Shareholders and stakeholders are usually perceived in thesame light and is often forgotten that they don’t necessarily provide the samerole for a business. Stakeholders can be a person, group or organization thathas interest or concern in an organization.

They can affect or be affected bythe organization’s actions, objectives and policies. Whereas shareholders who owns shares of stock ina corporation or mutual fund. For corporations, along withthe ownership comes a right to declareddividends and the right to vote on certain company matters,including the board of directors. This effectively means that they willhave different effects on the company but could also have the same as if youare a shareholder in a business you will also be a stakeholder. However, theargument to say that stakeholders that don’t have shares in a business aren’timportant to that business isn’t necessarily true as they provide differentstakes to a business’s success. Shareholders are perceived as the most importantstakeholders in many businesses views due to their outward financialcontribution to the company for their percentage of the business. The massnumber of shareholders a business may be able to obtain will allow the businessto grow and expand whether that be in the production process or in themarketing side of the business. One of the primary reasons for going public isto raise funds from investors.

We Will Write a Custom Essay Specifically
For You For Only $13.90/page!


order now

As mentioned, the company’s founders give uppart ownership to these new investors. Private companies and start-ups may alsoraise funds through private placements, which are share issues to a selectgroup of individuals and institutions. The founders of a start-up company,including venture capital backers, may also provide additional capital inexchange for a higher percentage of the ownership. Shareholdersalso have direct influence on a business because they have voting rights onmajor corporate decisions. Shareholders vote, for instance, on elections ofcompany board members. If company leaders want to split the company’s stock,shareholders usually have a right to vote on the move.  Additionally, companies hold annual,and sometimes quarterly, meetings where shareholders can voice concerns andfeedback.

Activist shareholders who own large amounts of stock may also voiceconcerns publicly in an effort to sway company decisions. Shareholders impact the approach companies take to otherstakeholders, including employees, customers, business partners andenvironmental groups. In some cases, company leaders neglect philanthropicpursuits to appease shareholder financial goals. Other times, shareholderspurchase stock because of both the financial benefits and the company’s socialand environmental responsibility. Some companies may overly emphasize costcontrol with labour to minimize business costs as well.

 Alternatively, it would be perceived that employees,customers, suppliers, creditors and the local community are the most important stakeholder.Shareholders are likely to cause a business to set increasingly short-termviews on growing their business. Closely related toprofit objectives is the short-term orientation prevalent in shareholder-ownedbusinesses. Shareholders typically have short memories and a desire forimmediate gratification. Leaders of public companies usually feel greaterpressure to generate revenue and create profit quickly. This is a key deterrentfor entrepreneurs who have long-term visions and don’t want to feel pressuredto sacrifice long-term development to create immediate cash.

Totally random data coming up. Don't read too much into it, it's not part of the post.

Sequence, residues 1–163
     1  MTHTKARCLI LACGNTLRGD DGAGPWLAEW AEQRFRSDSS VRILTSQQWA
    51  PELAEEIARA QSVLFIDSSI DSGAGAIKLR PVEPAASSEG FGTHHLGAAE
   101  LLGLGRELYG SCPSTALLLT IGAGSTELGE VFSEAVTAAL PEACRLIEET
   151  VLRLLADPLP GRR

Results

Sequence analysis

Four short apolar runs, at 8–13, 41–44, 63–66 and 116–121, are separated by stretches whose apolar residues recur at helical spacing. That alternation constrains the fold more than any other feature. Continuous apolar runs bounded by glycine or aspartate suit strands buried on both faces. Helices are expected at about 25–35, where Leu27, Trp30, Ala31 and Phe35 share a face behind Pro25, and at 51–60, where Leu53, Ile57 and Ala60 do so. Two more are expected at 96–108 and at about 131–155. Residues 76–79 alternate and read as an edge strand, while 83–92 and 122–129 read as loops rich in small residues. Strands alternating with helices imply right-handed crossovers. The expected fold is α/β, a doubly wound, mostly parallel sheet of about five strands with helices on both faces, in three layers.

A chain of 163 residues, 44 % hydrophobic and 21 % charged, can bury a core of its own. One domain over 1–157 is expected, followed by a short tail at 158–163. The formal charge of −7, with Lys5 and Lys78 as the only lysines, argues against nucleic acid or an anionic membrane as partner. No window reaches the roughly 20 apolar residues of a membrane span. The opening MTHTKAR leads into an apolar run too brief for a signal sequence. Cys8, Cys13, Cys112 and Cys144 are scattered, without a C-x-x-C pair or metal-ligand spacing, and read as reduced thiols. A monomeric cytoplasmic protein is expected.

One way in which business can demonstrate their commitmentto meeting their social responsibilities (and not just the needs of theirshareholders) is by producing ‘Corporate Social Reports’ (CSR), CSR aredocuments that set out a business’s targets for meeting its social obligationsand document the extent to which previous social targets have been achieved.Corporate social reports are increasingly important as businesses are held responsiblefor the consequences of their actions. Over 8,000 businesses around the worldhave signed the UN Global Compact pledging to demonstrate good globalcitizenship in the areas of human rights, labour standard and environmentalprotection. We have already seen that consumers in the UK and elsewhere arebetter informed about the activities of businesses with respect to theenvironment and their stakeholders.

Developments in technology and notabilitythe rising use of social media to report behaviour by firms that is deemedunacceptable has a significant has had significant impact on corporate decisionmaking. Bad news about a company can be tweeted and retweeted thousands oftimes reaching many potential consumers. Companies have to be aware of this andaim to avoid being the subject of bad news. I think that Shareholders can be a large part to abusiness’s growth and success however do not believe that that alone makes themthe most important stakeholders, if this was the case the other stakeholders ina business are likely to be neglected because of the shareholders sole pursuitin short term profit growth and would therefore create a business that operatesin its own bubble an does not take into account the social or environmentalimpacts of what short term profit growth can have which could potentially leadto the company making a bad name for itself and therefore have the oppositeeffect of growth within a business.